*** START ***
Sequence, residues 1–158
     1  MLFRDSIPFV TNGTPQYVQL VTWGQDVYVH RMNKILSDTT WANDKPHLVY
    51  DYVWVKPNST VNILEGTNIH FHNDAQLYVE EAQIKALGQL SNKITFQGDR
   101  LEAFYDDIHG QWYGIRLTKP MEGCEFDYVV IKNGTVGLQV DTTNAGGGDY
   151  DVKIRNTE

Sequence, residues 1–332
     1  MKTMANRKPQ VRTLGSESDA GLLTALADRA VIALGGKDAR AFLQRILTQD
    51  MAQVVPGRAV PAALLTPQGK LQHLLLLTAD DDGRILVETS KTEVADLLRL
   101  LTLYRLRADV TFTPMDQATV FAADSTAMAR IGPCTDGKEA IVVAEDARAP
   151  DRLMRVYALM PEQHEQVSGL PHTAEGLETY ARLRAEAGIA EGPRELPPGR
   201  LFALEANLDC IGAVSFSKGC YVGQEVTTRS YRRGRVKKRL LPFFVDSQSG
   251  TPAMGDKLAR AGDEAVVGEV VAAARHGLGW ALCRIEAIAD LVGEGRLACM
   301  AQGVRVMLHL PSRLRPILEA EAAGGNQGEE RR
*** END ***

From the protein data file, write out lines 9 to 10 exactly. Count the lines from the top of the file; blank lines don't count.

   101  LTLYRLRADV TFTPMDQATV FAADSTAMAR IGPCTDGKEA IVVAEDARAP
   151  DRLMRVYALM PEQHEQVSGL PHTAEGLETY ARLRAEAGIA EGPRELPPGR